The acorns confetti the backyard like heavy pepper in the side of our Alabama hill, and I’m going there, where the trees go bare, where the creek and shifting leaves beg hush.
My daddy has a graceful red horse that runs (thunders) along side our van every time we start up the driveway. She runs, and her hair moves like one of those scenes that passes through your mind when you take a last breath.
We’ll take 5-minute walks 15 times a day. Horses and barns and acorns, allergies berzerk, tears coming out in happy stings.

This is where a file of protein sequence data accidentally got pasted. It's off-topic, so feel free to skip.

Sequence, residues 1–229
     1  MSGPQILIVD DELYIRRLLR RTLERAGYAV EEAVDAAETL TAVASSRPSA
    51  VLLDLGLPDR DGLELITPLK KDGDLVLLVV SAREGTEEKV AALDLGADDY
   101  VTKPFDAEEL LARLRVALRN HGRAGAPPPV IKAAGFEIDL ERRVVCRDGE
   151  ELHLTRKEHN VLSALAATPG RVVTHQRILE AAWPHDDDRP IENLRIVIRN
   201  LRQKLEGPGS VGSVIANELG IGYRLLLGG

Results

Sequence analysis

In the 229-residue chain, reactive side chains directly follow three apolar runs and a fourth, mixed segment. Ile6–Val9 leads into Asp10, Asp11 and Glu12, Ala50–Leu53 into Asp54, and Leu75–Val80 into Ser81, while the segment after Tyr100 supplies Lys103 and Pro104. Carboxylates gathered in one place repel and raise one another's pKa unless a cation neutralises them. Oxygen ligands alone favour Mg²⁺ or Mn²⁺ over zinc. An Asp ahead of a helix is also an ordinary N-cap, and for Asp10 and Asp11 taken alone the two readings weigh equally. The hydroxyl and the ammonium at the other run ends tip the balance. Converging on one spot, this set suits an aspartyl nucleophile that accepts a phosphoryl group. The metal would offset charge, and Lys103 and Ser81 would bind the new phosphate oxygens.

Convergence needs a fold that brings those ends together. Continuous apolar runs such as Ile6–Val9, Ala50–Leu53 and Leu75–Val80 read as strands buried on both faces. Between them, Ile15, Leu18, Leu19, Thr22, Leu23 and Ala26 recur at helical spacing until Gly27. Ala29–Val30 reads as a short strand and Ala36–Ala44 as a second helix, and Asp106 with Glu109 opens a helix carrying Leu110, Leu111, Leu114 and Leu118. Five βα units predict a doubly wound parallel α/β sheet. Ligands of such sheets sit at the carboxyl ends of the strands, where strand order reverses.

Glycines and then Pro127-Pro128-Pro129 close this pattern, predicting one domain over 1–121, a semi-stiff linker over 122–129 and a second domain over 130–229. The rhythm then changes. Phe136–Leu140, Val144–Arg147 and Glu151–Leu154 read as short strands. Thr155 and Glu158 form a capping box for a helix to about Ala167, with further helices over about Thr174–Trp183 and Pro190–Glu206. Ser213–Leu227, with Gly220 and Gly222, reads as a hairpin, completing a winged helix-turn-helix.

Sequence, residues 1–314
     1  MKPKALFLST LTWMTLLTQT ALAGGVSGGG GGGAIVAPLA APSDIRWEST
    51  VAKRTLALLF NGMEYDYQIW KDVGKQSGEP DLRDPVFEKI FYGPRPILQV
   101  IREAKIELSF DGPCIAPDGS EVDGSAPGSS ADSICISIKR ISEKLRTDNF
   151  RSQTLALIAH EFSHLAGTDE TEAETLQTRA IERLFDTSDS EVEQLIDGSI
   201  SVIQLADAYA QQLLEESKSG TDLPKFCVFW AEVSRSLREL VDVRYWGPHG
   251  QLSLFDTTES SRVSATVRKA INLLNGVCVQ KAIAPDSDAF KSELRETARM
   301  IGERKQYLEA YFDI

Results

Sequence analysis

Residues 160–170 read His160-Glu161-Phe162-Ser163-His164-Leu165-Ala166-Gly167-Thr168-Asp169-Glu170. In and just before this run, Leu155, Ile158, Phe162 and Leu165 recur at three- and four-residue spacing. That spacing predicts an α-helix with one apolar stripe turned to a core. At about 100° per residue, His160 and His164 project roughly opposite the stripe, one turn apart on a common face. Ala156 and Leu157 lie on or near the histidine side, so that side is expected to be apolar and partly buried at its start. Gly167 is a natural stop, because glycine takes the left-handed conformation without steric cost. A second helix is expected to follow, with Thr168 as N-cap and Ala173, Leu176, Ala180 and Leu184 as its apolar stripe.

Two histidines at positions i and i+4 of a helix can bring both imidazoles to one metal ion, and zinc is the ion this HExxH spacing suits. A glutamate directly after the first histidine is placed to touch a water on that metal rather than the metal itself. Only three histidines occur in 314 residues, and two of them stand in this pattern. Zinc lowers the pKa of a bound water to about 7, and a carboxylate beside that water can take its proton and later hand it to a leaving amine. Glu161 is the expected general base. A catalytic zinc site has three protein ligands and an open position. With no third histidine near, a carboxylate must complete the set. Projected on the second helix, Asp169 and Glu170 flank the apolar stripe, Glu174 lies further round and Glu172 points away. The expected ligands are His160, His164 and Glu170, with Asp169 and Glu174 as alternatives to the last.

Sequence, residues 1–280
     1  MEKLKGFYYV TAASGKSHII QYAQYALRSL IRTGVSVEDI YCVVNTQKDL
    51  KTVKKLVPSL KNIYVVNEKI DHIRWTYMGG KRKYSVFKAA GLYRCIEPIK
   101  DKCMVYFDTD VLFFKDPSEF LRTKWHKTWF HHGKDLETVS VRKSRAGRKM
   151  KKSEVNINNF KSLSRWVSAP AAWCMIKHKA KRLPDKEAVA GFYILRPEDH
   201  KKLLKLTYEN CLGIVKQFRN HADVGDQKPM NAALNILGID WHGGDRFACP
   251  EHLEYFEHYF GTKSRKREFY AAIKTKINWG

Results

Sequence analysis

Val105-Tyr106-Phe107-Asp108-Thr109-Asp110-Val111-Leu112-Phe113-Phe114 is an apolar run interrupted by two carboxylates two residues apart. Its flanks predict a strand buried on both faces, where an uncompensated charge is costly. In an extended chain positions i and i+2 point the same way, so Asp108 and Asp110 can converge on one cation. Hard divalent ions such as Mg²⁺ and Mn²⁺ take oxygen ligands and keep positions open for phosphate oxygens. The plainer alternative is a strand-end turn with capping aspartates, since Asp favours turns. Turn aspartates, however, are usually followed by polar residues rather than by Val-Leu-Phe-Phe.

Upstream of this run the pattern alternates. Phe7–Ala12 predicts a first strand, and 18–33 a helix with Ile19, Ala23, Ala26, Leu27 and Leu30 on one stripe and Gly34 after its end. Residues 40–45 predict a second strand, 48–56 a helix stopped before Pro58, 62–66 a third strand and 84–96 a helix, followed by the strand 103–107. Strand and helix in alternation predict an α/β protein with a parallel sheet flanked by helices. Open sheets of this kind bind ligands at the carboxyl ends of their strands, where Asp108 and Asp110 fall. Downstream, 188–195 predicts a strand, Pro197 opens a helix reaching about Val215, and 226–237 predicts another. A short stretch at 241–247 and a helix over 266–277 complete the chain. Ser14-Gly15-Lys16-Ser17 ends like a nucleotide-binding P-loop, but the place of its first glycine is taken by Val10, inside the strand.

But going home isn’t dramatic. It’s still just mostly huddling around the television and eating until we hate ourselves. My boys, though, will touch land that is theirs, taste a hint of milk and honey.
Here at the apartments, they don’t belong, can’t dig or climb or throw. Pray that the bottom of my Mama’s tub is full of dirt every night we’re there. Pray we smell sweet feed, open dusty hymnals and sing, “Flee as a Bird to Your Mountain.”
Thanksgiving time, I’ll write on paper with a cheap pen, and I’ll glory in boonies away from the internet, and I’ll wait until the dishwasher’s running to take a shower, and I’ll have a bite of the world’s best banana pudding just for you.